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Here is the sample code I want to get to work:

(letfn [(CONC [f] f)
        (CONT [f] (str "\newline" f))]
((voodoo "CONC") "hamster"))

Is there some voodo that will make it call the CONC function with hamster as the parameter? That is, is there some way to convert the string "CONC" into a function that is not bound to a namespace but rather to a local binding?


To be clearer, the way this will be called is:

(map #((voodoo (:tag %)) (:value %)) 
        {:tag "CONC" :value "hamster"} 
        {:tag "CONT" :value "gerbil"}
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4 Answers 4

up vote 6 down vote accepted

I'd probably solve this by creating a map of functions indexed by strings:

(def voodoo 
  {"CONC" (fn [f] f)
   "CONT" (fn [f] (str "\newline" f))})

Then your desired code should work directly (exploiting the fact that a map is a function that looks up it's argument)

(map #((voodoo (:tag %)) (:value %)) 
        {:tag "CONC" :value "hamster"} 
        {:tag "CONT" :value "gerbil"}

Note that the functions here are fully anonymous - you don't need them to be referenced anywhere in the namespace for this to work. In my view this is a good thing, because unless you also need the functions somewhere else then it's best to avoid polluting your top-level namespace too much.

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+1 -- my answer is only concerned with how to implement voodoo, but this is definitely the more sensible solution in most contexts. –  Michał Marczyk Sep 22 '11 at 12:25
This is probably the best answer with the evalive project also being an interesting answer to the question of accessing functions that are not bound in a namespace –  M Smith Sep 22 '11 at 13:30

No. Eval does not have access to the local/lexical environment, ever.

Edit: This is not a very good answer, and not really accurate either. You could write voodoo as a macro, and then it doesn't need runtime access to the lexical environment, just compile-time. However, this means it would only work if you know at compile time that the function you want to call is x, and so it wouldn't be very useful - why not just type x instead of (voodoo "x")?

(defmacro voodoo [fname]
  (symbol fname))

(letfn [(x [y] (inc y))]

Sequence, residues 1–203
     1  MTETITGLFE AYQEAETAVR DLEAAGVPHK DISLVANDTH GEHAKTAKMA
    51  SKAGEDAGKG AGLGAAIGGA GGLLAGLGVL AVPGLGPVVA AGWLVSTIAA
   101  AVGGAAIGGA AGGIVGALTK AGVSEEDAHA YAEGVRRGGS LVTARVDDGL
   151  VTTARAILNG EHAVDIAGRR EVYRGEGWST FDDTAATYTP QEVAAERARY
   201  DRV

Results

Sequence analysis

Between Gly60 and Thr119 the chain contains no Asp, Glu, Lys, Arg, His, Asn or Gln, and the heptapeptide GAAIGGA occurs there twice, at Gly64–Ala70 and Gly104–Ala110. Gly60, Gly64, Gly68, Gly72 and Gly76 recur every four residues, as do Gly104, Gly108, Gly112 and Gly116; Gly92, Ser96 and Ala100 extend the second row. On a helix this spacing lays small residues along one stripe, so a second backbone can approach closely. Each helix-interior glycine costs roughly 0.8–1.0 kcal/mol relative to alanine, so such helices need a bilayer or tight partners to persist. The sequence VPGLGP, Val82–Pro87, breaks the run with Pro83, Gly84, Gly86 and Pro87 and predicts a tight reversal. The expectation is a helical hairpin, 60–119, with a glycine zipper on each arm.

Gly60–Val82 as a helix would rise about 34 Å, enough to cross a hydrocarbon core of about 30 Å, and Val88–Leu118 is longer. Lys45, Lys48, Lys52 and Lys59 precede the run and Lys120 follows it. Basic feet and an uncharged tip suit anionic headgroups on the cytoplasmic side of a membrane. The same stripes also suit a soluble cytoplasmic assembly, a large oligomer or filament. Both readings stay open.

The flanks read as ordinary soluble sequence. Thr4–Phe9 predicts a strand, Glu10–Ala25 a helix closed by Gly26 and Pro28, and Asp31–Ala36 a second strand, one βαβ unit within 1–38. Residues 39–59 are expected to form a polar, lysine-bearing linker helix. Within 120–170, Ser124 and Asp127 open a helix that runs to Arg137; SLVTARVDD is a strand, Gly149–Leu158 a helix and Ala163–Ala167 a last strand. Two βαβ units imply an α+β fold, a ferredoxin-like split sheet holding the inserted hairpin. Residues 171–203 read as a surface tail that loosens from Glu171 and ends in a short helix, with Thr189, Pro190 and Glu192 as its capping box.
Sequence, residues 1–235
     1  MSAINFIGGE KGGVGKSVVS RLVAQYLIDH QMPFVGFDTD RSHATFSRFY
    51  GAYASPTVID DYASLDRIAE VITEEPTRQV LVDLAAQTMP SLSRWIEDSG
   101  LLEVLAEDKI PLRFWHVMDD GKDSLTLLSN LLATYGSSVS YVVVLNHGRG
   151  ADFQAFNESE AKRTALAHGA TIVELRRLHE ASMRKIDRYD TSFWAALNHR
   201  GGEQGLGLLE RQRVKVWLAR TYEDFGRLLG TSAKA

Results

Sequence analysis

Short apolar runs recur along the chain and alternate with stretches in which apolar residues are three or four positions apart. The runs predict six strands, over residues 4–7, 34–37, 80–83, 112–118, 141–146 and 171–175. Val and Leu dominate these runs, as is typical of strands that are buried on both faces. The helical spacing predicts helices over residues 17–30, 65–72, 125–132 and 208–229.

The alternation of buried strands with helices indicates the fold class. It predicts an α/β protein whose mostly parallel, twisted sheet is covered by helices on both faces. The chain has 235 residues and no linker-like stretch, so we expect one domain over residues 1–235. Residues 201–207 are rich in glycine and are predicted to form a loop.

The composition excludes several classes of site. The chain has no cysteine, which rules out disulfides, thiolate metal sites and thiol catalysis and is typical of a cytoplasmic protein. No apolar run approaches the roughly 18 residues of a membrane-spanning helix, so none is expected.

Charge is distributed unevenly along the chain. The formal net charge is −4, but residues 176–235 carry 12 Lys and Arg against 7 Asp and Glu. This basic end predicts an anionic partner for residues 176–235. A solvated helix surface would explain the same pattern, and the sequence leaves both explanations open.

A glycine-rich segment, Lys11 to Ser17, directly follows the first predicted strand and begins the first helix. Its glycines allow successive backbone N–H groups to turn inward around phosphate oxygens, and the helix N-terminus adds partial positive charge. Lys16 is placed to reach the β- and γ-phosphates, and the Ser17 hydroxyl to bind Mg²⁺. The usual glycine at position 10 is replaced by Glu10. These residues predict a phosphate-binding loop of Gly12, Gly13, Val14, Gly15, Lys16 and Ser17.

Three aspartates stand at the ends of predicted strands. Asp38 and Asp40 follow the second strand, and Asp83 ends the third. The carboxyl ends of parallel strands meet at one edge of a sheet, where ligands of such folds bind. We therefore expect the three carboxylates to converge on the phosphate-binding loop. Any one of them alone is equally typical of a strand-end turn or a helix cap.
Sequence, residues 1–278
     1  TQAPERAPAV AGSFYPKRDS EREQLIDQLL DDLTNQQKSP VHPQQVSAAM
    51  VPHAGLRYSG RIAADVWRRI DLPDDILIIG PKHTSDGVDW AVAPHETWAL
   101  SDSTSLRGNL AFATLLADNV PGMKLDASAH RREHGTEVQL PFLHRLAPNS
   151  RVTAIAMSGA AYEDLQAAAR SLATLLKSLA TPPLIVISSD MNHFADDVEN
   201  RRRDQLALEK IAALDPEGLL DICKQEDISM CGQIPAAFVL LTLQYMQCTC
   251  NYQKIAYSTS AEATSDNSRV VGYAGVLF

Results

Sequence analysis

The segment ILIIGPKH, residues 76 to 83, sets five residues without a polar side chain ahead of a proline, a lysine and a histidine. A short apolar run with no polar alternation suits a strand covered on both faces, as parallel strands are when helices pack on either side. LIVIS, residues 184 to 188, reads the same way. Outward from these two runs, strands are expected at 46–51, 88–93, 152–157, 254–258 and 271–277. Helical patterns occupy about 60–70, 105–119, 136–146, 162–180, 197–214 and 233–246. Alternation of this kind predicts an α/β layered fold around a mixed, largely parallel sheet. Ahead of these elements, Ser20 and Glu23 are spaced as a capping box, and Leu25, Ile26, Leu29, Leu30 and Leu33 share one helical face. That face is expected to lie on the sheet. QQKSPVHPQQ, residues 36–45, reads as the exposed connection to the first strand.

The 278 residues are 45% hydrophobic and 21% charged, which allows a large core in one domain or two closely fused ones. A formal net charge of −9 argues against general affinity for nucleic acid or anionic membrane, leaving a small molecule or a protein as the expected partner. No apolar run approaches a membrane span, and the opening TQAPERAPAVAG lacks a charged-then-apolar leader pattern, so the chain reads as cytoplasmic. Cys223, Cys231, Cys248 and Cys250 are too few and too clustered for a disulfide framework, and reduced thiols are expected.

((voodoo "x") 2))
;; 3

(letfn [(x [y] (inc y))]
  (let [f "x"]
    ((voodoo f) 2)))
;; error
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Actually a truly black voodoo which would work is possible, if you're evil enough to use it -- see my answer and Fogus's evalive. :-) –  Michał Marczyk Sep 22 '11 at 12:02

Well, it's sort of possible:

(defmacro voodoo [s]
  (let [env (zipmap (map (partial list 'quote) (keys &env))
                    (keys &env))]
    `(if-let [v# (~env (symbol ~s))]
       (throw (RuntimeException. "no such local")))))

...and now we can do weird stuff like this:

user> (defn example [s]
        (letfn [(foo [x] {:foo x})
                (bar [x] {:bar x})]
          ((voodoo s) :quux)))
user> (example "foo")
{:foo :quux}
user> (example "bar")
{:bar :quux}
user> (example "quux")
; Evaluation aborted.
user> *e
#<RuntimeException java.lang.RuntimeException: no such local>

That "Evaluation aborted" means an exception was thrown.

You could also replace the throw branch of the if in voodoo with (resolve (symbol ~s)) to defer to the globals if no local is found:

(defmacro voodoo [s]
  (let [env (zipmap (map (partial list 'quote) (keys &env))
                    (keys &env))]
    `(if-let [v# (~env (symbol ~s))]
       (resolve (symbol ~s)))))

...and now this works with definition of example as above (though note that if you are experimenting at the REPL, you will need to recompile example after redefining voodoo):

user> (defn quux [x] {:quux x})
user> (example "quux")
{:quux :quux}

Now, this is an abuse of Clojure's facilities which one would do well to try to do without. If one cannot, one should probably turn to evalive by Michael Fogus; it's a library which provides an "eval-with-locals" facility in the form of an evil function and a couple of utilities. The functionality seems to be well factored too, e.g. something like the ~(zipmap ...) thing above is encapsulated as a macro and evil there appears to be almost a drop-in replacement for eval (add the env parameter and you're good to go). I haven't read the source properly, but I probably will now, looks like fun. :-)

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(Tested with Clojure 1.3-RC0.) –  Michał Marczyk Sep 22 '11 at 11:59

Im not really clear what you are asking for so i'll try a couple answers:

if you have a string that is the name of the function you wish to call:

 (def name "+")
 ((find-var (symbol (str *ns* "/" name))) 1 2 3)

this would give voodoo a deffinition like this:

(defn voodoo [name args] (apply (find-var (symbol (str *ns* "/" name))) args))
clojure.core=> (voodoo "+" [1 2 3])

clojure.core=> this assumes your function is in the current namepace ns.

if you want to turn a string into a function you could use this pattern

(let [f (eval (read-string "(fn [] 4)"))] (f))
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